Born a Crime
Published on November 15, 2016
About Born a Crime
Trevor Noah’s unlikely path from apartheid South Africa to the desk of The Daily Show began with a criminal act: his birth. Trevor was born to a white Swiss father and a black Xhosa mother at a time when such a union was punishable by five years in prison. Living proof of his parents’ indiscretion, Trevor was kept mostly indoors for the earliest years of his life, bound by the extreme and often absurd measures his mother took to hide him from a government that could, at any moment, steal him away. Finally liberated by the end of South Africa’s tyrannical white rule, Trevor and his mother set forth on a grand adventure, living openly and freely and embracing the opportunities won by a centuries-long struggle.
Born a Crime is the story of a mischievous young boy who grows into a restless young man as he struggles to find himself in a world where he was never supposed to exist. It is also the story of that young man’s relationship with his fearless, rebellious, and fervently religious mother—his teammate, a woman determined to save her son from the cycle of poverty, violence, and abuse that would ultimately threaten her own life.
The description above (from the back cover copy) makes the story sound so glamorous. And indeed, Trevor Noah has an amazing life story. And while the telling of it is often funny, Noah doesn’t shy away from the loneliness and prejudice he experienced especially in his early life. I enjoyed the way he weaves South African history and culture into each essay to give greater context to readers who aren’t familiar with his home. I also really liked the descriptions of and stories about his relationship with his mom. While it’s clear he disagrees with her on some important issues, there’s never any doubt that they love each other, and that she’s a powerful woman who worked incredibly hard to make sure he’d have every opportunity, even during a time when the government declared Noah’s very existence criminal.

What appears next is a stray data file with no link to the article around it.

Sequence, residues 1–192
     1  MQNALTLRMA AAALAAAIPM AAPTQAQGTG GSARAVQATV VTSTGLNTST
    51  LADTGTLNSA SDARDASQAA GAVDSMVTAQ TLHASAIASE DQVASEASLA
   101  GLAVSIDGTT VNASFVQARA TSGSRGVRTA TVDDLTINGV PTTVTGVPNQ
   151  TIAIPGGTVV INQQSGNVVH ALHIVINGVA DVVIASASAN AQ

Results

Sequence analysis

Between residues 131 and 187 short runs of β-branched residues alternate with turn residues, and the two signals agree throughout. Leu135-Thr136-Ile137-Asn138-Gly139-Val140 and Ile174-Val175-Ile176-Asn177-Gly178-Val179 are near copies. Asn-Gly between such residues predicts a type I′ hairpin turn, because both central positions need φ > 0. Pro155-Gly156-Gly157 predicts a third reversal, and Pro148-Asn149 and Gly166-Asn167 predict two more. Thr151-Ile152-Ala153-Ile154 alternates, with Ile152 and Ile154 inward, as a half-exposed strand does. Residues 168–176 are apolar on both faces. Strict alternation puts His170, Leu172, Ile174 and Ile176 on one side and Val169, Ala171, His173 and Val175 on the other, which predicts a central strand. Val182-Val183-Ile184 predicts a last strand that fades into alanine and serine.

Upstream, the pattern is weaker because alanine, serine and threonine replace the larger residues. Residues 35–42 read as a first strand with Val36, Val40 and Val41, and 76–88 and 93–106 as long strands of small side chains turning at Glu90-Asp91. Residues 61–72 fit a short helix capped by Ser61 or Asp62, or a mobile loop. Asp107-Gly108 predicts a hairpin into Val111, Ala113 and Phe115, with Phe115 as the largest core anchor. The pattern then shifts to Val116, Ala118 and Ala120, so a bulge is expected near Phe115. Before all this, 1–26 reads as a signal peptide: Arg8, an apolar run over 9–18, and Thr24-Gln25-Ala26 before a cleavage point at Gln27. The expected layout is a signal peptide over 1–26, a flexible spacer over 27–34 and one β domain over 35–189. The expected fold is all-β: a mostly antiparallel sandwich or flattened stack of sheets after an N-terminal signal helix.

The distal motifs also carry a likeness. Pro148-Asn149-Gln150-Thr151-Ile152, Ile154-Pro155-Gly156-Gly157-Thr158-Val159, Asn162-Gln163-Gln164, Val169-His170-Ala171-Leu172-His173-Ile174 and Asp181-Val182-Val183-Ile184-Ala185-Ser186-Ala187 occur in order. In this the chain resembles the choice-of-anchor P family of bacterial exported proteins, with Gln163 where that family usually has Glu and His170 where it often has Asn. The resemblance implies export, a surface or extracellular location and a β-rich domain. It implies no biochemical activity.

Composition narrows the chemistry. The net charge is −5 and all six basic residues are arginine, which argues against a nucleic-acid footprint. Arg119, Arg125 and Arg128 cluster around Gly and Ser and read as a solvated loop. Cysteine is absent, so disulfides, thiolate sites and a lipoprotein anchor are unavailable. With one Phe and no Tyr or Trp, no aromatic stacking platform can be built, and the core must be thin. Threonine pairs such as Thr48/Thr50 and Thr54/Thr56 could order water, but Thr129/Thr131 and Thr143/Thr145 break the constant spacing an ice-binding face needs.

Ultimately, I’d say this is a story of courage, packed with equal portions humor and heart. An inspirational read for anyone who’s ever felt like an outsider.
Trevor Noah has one white parent and one black parent. The book discusses some racial prejudice in South Africa through his childhood and young adult life.
Profanity/Crude Language Content
Somewhat infrequent use of extreme profanity.
Brief kissing between boy and girl.
Trevor’s mother and grandmother are both devout Christians. As a child he shared their faith but doesn’t as an adult. He shares stories of going to church as a family and attending prayer meetings and some stories about superstitions like cats being evil.
Some descriptions of domestic violence and stealing music and video games. At one point, Trevor describes an incident in which a woman is shot several times.
Trevor’s stepfather smoked pot and drank alcohol. He often became violent after drinking. Trevor describes some of these encounters.